Heredity is the transmission of genetic characteristics from ancestor to descendant through the genes. As a subject, it is tied closely to genetics, the area of biological study concerned with hereditary traits. The study of heritable traits helps scientists discern which are dominant and therefore are likely to be passed on from one parent to the next generation. On the other hand, a recessive trait will be passed on only if both parents possess it. Among the possible heritable traits are genetic disorders, but study in this area is ongoing, and may yield many surprises.
As discussed at the beginning of the essay on genetics, the subjects of genetics and heredity are inseparable from each other, but there are so many details that it is extremely difficult to wrap one's mind around the entire concept. It is advisable, then, to break up the overall topic into more digestible bits. One way to do this is to study the biochemical foundations of genetics as a subject in itself, as is done in Genetics, and then to investigate the impact of genetic characteristics on inheritance in a separate context, as we do here.
Also included in the present essay is a brief history of genetic study, which reveals something about the way in which these many highly complex ideas fit together. Many brilliant minds have contributed to the modern understanding of genetics and heredity; unfortunately, within the present context, space permits the opportunity to discuss only a few key figures. The first—a man whose importance in the study of genetics is comparable to that of Charles Darwin (1809-1882) in the realm of evolutionary studies—was the Austrian monk and botanist Gregor Mendel (1822-1884).
For thousands of years, people have had a general understanding of genetic inheritance—that certain traits can be, and sometimes are, passed along from one generation to the next—but this knowledge was primarily anecdotal and derived from casual observation rather than from scientific study. The first major scientific breakthrough in this area came in 1866, when Mendel published the results of a study on the hybridization of plants in which he crossed pea plants of the same species that differed in only one trait.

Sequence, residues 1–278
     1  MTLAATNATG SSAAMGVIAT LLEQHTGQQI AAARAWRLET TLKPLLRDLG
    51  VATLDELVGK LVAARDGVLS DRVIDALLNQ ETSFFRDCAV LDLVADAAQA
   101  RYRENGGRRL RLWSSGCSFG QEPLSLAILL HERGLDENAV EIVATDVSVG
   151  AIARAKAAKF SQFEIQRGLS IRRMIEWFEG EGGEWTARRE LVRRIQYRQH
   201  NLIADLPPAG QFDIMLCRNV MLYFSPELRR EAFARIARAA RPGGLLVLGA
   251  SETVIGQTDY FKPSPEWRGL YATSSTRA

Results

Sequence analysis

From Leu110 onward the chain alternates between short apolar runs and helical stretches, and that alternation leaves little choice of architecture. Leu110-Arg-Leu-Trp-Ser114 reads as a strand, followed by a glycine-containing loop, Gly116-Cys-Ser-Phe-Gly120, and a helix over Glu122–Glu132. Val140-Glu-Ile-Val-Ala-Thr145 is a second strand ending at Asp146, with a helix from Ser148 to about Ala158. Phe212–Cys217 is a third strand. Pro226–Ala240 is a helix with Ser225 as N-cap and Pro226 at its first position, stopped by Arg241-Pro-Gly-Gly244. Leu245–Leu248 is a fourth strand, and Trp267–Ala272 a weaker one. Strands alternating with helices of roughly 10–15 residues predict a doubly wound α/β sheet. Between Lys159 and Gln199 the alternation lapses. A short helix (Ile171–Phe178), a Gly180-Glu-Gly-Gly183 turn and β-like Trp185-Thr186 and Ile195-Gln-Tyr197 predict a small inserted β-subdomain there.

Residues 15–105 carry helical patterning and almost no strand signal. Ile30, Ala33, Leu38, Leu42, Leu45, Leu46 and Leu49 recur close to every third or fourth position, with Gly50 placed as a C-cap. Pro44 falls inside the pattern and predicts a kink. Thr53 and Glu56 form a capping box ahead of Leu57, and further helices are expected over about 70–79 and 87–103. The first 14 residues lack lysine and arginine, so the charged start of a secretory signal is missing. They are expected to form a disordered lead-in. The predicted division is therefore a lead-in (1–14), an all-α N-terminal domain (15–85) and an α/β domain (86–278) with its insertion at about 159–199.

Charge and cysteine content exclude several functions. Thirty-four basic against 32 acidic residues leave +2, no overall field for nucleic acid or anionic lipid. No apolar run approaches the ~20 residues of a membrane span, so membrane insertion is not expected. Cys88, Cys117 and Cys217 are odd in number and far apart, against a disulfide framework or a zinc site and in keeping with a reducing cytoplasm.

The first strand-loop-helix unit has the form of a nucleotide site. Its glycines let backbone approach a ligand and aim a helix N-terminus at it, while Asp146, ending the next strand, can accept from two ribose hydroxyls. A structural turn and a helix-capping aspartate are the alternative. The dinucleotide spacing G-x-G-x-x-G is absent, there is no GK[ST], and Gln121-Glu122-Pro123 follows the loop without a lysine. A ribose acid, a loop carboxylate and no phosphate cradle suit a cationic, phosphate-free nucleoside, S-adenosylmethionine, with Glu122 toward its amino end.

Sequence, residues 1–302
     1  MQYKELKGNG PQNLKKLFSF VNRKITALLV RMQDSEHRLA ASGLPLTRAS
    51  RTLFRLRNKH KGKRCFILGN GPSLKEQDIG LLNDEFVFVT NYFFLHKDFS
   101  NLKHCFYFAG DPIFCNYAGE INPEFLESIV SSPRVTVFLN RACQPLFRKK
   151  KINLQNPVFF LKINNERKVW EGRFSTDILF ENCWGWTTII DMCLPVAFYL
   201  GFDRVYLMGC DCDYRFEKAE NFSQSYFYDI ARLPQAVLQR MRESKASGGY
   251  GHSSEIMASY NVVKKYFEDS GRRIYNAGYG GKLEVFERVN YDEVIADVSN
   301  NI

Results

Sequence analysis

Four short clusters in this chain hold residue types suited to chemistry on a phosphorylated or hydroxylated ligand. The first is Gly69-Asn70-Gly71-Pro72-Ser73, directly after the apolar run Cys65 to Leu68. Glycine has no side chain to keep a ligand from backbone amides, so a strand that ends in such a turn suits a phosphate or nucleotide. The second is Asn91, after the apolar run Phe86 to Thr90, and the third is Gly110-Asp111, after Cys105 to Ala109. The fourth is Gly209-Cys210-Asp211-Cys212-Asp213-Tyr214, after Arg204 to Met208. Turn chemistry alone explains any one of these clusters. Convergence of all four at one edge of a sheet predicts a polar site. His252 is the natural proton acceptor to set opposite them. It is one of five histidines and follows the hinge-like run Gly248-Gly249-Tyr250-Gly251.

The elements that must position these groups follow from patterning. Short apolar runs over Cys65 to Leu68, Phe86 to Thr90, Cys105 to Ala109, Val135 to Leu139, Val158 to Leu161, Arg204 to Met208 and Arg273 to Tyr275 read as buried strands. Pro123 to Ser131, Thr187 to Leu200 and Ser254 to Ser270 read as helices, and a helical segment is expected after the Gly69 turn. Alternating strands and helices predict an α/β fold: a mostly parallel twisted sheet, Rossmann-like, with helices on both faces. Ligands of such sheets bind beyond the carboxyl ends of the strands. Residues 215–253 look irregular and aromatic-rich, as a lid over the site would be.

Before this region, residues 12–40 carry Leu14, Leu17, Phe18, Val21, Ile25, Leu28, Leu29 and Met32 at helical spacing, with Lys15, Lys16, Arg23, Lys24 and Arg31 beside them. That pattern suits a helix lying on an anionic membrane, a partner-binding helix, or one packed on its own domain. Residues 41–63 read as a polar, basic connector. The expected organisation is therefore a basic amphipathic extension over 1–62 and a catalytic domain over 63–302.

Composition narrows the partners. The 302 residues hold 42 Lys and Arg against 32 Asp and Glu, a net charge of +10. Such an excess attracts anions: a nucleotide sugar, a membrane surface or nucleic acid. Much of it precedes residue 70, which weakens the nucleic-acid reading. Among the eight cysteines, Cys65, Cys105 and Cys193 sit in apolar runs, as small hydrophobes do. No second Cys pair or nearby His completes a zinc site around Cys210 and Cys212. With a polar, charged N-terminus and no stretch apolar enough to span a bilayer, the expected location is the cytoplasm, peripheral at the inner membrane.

Mendel bred these plants over the course of several successive generations and observed the characteristics of each individual. He found that certain traits appeared in regular patterns, and from these observations he deduced that the plants inherited specific biological units from each parent. These units, which he called factors, today are known as genes, or units of information about a particular heritable trait. From his findings, Mendel formed a distinction between genotype and phenotype that is still applied by scientists studying genetics. Genotype may be defined as the sum of all genetic input to a particular individual or group, while phenotype is the actual observable properties of that organism. We return to the subjects of genotype and phenotype later in this essay.
Although Mendel's theories were revolutionary, the scientific establishment of his time treated these new ideas with disinterest, and Mendel died in obscurity. Then, in 1900, the Dutch botanist Hugo De Vries (1848-1935) discovered Mendel's writings, became convinced that his predecessor had made an important discovery, and proceeded to take Mendel's theories much further. Unlike the Austrian monk, De Vries believed that genetic changes occur in big jumps rather than arising from gradual or transitional steps. In 1901 he gave a name to these big jumps: mutations. Today a mutation is defined as an alteration of a gene, which contains something neither De Vries nor Mendel understood: deoxyribonucleic acid, or DNA.
Actually, DNA, a molecule that contains genetic codes for inheritance, had been discovered just four years after Mendel presented his theory of factors. In 1869 the Swiss biochemist Johann Friedrich Miescher (1844-1895) isolated a substance from the remnants of cells in pus. The substance, which contained both nitrogen and phosphorus, separated into a protein and an acid molecule and came to be known as nucleic acid. A year later he discovered DNA itself in the nucleic acid, but more than 70 years would pass before a scientist discerned its purpose.